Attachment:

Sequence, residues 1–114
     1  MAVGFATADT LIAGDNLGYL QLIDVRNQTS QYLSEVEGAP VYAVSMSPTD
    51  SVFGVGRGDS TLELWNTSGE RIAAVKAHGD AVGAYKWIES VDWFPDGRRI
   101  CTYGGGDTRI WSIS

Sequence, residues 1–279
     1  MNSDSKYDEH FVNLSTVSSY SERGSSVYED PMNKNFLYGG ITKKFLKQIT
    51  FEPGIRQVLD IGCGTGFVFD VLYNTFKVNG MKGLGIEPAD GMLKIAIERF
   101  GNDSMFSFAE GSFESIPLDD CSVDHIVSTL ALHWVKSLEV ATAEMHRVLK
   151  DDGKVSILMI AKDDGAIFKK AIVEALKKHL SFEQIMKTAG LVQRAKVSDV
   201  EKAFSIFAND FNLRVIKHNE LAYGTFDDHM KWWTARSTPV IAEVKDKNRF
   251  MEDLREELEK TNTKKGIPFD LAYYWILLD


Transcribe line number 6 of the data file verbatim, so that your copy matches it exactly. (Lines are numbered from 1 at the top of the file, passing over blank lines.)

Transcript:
     1  MNSDSKYDEH FVNLSTVSSY SERGSSVYED PMNKNFLYGG ITKKFLKQIT